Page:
By Ben Gilbert
Egyptians are about to take the first step in the long process toward forming what they hope will be a new, democratic government. Tomorrow more than 40 million voters are eligible to participate in a referendum on constitutional changes meant to open the country's long-desolate political playing field. The amendments to the Egyptian constitution were drafted by a committee of legal scholars and experts handpicked by Egypt's military rulers. And in true democratic form, debate about the vote is raging.
It's hard not to run into discussion about Saturday's vote. From the radio, to college campuses, to theaters and outdoor auditoriums — Egyptians have flocked to discussions and debates about the constitutional reforms that they will vote Saturday.
Voters will cast a 'yes' or 'no' ballot on several amendments to the constitution. And a couple hundred people showed up to an event this morning to hear to a political scientist give the arguments for both sides.
Ayman Houhy said this is the third lecture he has come to about the poll.
"Better to understand to listen to the explanation of the consequences for yes or no," Houhy said. "I think a lot of the people are confused, and we are not mature enough to understand what everyone is saying around this subject now."
The amendments aim to repeal many of the repressive laws that concentrated power in the hands of former president Hosni Mubarak, allowing him to stay in power for thirty years. The amendments relax restrictions on who can run for president, and limit the president to two four year terms. They also limit the implementation of emergency law. Judges will oversee elections, which were rigged before.
After today's lecture, Ayman decided to vote "No" on the referendum. He and other opponents don't object to the constitutional amendments per se; they worry the reforms don't go far enough. There's one amendment, for example, essentially giving the soon-to-be formed parliament power to draft an entirely new constitution.
Abdel-Halim Qandil, spokesman for the Kafaya party movement, which represents many of the activists who took part in the demonstrations here, said a new constitution should come first and then the government, not the other way around.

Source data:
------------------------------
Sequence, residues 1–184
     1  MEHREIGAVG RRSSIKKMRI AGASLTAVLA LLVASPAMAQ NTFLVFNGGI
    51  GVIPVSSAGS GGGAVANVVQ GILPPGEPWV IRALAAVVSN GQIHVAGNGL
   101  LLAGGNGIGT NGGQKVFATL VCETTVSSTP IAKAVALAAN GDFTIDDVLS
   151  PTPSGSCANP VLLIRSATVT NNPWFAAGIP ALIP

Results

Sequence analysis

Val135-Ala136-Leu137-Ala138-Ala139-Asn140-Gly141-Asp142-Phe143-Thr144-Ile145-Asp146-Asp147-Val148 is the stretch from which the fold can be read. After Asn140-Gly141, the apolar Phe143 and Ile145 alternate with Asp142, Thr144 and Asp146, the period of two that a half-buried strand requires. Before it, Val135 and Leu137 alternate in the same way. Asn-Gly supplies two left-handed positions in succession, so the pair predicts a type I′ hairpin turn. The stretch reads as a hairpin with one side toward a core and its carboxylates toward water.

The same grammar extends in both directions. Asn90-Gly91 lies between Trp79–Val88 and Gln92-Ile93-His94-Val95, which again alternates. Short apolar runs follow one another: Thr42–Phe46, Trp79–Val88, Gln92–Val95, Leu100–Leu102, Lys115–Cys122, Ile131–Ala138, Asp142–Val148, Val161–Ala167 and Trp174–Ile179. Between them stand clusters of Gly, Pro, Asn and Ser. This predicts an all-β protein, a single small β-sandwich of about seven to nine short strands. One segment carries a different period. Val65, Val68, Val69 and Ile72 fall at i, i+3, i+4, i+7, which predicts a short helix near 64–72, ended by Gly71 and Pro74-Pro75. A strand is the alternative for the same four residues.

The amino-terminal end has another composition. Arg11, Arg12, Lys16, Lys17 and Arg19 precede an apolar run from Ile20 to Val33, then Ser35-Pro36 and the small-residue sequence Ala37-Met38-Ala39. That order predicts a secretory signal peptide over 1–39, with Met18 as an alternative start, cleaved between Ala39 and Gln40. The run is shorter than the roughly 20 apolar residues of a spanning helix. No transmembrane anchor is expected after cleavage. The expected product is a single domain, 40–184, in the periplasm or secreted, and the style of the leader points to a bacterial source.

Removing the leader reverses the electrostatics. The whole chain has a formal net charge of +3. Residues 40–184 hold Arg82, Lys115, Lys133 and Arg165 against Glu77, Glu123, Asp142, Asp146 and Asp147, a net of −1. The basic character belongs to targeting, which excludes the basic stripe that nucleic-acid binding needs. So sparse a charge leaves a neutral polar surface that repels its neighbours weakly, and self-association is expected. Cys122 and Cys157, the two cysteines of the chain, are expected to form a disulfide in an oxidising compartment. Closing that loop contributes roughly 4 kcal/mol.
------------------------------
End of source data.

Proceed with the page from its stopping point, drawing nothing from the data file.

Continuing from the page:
"The problem is that elections are expected to be held sometime this summer," said Qandil, "and the winners of those elections would draft the new constitution. I worry that only a few established political parties will have all the say in Egypt's future."
The two most organized forces in Egyptian politics are the Muslim Brotherhood and the former ruling National Democratic Party. Opponents fear these two groups could use their advantage in a new parliament to create a constitution that keeps them in power.
Demonstrators chanted, "we want a new constitution," during a protest against the constitutional amendments Friday in Tahrir square. Noticeably absent were any members of the Muslim Brotherhood. They are voting for the amendments tomorrow. A Muslim Imam associated with the Salafist movement, a Muslim Brotherhood ally, looked around the square skeptically.
Fawzi Youssef al Hawarwy is voting 'yes' tomorrow, because he feels the political process needs to begin as soon as possible.
"I believe in gradual steps, so what will happen tomorrow is the first step toward instituting a new constitution," Hawarwy said.
It's not just the conservative Islamists who feel this way. Some secular liberal activists plan to vote yes because they say they want to see the Egyptian military get out of politics. Regardless of their political persuasion, Egyptians seem invigorated by the fact that they finally feel they have a voice in their country's future. As one politician said earlier this week, it's the first Egyptian election in 7000 years where the results haven't been known ahead of a single vote being cast.